Vera Lúcia Menezes de Oliveira e Paiva in Chapter 5 focuses on terms “chaos and complexity” and their connections with the concepts “identity, autonomy and agency” in second language acquisition. By dwelling on the role of science in trying to understand any phenomenon to account for chaos/complexity science and second language learning, the author demonstrates that the ways in which learners take on different identities in response to the affordances proposed in various communities are expected to drastically alter the learners’ behaviors. To this end, it becomes clearer that successful learners, who are ready to take risks, experiment and explore will be many more in classroom settings.
Chapter 6 was written by Phil Benson, one of the editors. After a brief introduction of the overlapping terms such as self-directed learning, self-instruction, individualized learning and learner-centered, Phil Benson explores the conception of identity in the context of Autonomy Theory and focuses on the ways in which language and social identities become more individualized as learners gain knowledge, experience and autonomy in second language learning.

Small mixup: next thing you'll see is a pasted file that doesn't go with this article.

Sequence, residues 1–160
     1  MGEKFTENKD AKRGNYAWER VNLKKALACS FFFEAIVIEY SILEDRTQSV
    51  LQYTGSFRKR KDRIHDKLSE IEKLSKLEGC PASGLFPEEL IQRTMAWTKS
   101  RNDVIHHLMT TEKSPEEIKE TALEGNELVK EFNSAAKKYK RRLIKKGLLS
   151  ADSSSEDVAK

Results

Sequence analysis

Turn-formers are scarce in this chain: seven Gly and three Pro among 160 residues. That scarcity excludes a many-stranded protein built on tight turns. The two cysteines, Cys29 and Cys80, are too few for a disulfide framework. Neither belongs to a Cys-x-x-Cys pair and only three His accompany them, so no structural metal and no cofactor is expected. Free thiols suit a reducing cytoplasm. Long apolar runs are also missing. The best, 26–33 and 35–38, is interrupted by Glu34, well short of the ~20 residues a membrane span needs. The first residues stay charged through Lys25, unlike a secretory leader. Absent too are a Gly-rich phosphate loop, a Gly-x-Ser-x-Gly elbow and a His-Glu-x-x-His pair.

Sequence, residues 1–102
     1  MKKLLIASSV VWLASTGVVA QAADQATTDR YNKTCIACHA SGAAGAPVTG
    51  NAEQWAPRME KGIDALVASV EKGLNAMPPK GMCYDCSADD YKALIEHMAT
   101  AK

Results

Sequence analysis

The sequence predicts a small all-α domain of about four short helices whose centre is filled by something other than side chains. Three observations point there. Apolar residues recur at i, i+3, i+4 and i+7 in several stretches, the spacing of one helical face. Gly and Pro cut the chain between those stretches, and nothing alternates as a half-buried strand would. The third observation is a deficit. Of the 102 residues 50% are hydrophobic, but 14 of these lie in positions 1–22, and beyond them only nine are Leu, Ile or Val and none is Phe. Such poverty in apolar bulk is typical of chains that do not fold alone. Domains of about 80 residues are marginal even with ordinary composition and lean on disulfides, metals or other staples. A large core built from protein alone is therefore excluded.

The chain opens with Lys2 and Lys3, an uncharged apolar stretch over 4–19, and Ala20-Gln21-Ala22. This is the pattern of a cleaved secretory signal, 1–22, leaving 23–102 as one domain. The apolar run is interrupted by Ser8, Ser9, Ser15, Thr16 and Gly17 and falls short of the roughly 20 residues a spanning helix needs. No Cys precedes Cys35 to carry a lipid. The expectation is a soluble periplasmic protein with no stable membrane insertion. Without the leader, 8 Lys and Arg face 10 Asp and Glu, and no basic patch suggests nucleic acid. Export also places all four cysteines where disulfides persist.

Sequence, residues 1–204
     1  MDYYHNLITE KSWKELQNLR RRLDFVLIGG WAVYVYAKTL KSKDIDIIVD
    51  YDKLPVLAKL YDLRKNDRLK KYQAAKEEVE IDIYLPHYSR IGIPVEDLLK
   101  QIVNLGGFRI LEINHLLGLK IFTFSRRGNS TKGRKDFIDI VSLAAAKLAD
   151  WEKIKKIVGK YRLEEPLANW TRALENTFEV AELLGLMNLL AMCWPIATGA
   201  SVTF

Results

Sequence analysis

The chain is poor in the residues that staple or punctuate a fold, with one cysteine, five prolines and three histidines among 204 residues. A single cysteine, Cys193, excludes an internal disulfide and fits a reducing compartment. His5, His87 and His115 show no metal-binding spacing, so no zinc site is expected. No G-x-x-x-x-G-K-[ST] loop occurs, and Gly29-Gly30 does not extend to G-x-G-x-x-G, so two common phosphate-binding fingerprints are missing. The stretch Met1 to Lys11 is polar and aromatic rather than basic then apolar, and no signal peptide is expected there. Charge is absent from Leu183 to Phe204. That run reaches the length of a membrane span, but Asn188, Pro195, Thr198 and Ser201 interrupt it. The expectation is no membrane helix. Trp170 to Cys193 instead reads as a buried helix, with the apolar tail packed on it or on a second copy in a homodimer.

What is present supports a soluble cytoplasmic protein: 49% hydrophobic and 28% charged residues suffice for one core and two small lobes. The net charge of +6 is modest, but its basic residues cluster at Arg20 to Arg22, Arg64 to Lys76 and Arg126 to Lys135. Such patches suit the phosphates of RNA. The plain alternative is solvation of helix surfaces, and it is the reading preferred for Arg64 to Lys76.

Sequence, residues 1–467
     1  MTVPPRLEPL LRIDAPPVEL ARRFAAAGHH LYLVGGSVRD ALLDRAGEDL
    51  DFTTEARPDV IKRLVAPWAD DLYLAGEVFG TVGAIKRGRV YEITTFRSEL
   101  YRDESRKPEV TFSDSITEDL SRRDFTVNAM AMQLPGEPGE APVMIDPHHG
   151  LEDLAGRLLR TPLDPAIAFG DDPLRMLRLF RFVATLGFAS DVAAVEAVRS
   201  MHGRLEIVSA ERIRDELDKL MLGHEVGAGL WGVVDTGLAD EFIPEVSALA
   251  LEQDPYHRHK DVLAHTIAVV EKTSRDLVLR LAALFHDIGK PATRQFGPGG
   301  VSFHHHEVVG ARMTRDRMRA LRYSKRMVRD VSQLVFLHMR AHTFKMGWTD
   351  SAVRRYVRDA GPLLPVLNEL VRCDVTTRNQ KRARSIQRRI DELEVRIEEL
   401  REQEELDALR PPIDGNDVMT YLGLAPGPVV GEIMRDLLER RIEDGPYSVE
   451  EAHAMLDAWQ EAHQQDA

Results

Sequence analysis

In Chapter 7, Jane Kehrwald touches upon the social construction of learner autonomy, beliefs and identity in second language learning. The project she describes in the chapter is based on developing learner autonomy in a specific learning environment through the exploration of the learners’ beliefs. The chapter concludes that autonomy is a complex combination of self-regulation and investment and focuses more on identity and socially triggered agency.